Dell Vostro V131: A Budget Business Laptopby Jarred Walton on October 28, 2011 1:55 AM EST
Vostro V131: Let’s See the Benchmarks
Most of what we have to benchmark is part of a well-trodden path. Basically, we’re having yet another go at a midrange dual-core i5 with a hard drive. The Intel i5-2410M has been a very popular SKU among OEMs, and while the new i5-2430M is set to replace it the outgoing model is only 100MHz slower—less than a 4% difference in most cases. We’ve got the i5-2430M in the recently reviewed XPS 14z, so you can see how the two CPUs compare. Also note how the i5-2520M in the K53E compares, with an 8% higher base clock, 10% higher maximum Turbo Boost, and an 8% faster GPU clock.
As expected, the 8-10% theoretical performance difference between the i5-2410M and the i5-2430M and i5-2520M basically gets lost in the noise with PCMark 7 when we measure actual performance. A far bigger differentiator is the presence (or lack) of an SSD, as well as the specific brand of hard drive. The ASUS K53E has a somewhat slower 5400RPM drive, while the only laptop in these charts with an SSD is the ASUS UX21E; the SSD enables the ultrabook to run away with the PCMark 7 results.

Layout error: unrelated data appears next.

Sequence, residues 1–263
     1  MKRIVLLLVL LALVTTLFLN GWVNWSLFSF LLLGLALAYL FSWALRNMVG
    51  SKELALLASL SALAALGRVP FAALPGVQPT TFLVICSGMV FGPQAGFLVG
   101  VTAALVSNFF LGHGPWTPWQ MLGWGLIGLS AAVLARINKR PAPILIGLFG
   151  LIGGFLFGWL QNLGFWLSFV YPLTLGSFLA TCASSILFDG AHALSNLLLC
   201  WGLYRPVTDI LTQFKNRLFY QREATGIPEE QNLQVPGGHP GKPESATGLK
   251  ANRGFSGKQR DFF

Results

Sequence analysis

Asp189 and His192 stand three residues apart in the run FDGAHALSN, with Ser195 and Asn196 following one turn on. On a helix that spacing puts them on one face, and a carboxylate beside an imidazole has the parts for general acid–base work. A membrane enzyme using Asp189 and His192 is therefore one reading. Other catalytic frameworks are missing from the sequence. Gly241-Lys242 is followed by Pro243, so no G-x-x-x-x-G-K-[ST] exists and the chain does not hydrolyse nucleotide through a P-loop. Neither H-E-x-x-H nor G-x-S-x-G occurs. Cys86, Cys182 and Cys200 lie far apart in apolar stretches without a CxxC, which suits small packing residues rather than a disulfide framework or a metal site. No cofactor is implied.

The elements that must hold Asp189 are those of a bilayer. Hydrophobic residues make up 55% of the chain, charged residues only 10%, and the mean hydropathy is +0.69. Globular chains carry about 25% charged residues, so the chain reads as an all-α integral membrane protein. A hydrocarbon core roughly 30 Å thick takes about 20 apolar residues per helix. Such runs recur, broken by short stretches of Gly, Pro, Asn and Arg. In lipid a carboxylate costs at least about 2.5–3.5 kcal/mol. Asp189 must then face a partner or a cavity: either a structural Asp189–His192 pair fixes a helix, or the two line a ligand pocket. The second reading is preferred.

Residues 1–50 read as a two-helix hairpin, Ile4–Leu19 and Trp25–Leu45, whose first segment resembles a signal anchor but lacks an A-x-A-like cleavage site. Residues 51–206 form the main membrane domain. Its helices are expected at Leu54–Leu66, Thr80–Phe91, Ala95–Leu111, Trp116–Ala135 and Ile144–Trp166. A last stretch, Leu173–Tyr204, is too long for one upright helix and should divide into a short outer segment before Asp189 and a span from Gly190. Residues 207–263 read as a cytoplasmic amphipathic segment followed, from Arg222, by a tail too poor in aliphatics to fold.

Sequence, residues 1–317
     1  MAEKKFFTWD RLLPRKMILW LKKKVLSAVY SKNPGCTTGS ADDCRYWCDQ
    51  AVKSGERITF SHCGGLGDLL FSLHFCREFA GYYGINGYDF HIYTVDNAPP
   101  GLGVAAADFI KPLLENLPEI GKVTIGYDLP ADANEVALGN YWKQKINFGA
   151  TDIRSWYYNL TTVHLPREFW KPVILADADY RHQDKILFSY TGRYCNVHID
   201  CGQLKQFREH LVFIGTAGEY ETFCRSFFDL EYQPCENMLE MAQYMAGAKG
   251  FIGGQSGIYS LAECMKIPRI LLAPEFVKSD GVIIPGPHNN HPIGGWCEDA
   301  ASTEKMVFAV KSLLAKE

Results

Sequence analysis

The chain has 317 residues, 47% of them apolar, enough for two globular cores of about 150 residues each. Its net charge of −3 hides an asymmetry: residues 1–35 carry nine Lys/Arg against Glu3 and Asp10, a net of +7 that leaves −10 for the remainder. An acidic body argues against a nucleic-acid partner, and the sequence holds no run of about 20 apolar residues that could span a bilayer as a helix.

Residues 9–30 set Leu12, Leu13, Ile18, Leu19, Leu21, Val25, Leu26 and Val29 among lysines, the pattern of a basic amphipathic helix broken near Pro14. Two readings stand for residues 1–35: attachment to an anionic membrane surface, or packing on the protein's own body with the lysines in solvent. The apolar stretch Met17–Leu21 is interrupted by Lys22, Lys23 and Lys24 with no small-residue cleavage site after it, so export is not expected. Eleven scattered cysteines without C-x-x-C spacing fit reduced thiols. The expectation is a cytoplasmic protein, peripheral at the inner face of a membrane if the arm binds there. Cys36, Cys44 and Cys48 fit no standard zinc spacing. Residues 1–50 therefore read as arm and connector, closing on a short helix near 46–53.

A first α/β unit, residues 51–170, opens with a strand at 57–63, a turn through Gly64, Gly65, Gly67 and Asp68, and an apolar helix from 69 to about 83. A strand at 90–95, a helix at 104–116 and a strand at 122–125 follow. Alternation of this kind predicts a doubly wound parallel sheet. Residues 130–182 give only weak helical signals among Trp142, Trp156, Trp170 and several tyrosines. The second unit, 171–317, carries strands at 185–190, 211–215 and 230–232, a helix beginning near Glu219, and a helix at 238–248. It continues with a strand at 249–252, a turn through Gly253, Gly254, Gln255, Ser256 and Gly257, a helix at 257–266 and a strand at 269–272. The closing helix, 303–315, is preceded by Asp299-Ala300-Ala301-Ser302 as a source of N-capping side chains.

Outside of PCMark, the results fall pretty much where you’d expect based on clock speeds. All of the dual-core Sandy Bridge mobile processors are plenty fast for most tasks; it’s only in computationally intensive scenarios like video transcoding, 3D rendering, or complex scientific modeling that the dual-core parts start to struggle. If you need to do any of the tasks we just listed, a quad-core processor will definitely pay dividends.
This isn’t a gaming laptop—by any stretch of the imagination—and we’ve already looked at Intel’s HD 3000 performance several times. The i5-2410M has the HD 3000 clocked a bit lower than the i5-2520M or i7 quad-core models, but if the 10% performance increase offered by the higher clocks on the quad-core chips is the difference between “too slow” and “good enough”, I’ve got some beachfront property I’m willing to sell cheap. If you want graphics performance for gaming, grab something with a GT 525M or above (or HD 6630M or above) and you should be set. We won’t bother with any gaming tests, as 3DMark already tells us enough: this is the same HD 3000, and it will be sufficient for running some titles at 1366x768 and low detail, but anything more and you’ll want a discrete GPU (or Llano). But then, most businesses aren't worried about their employees playing games on their laptops, are they?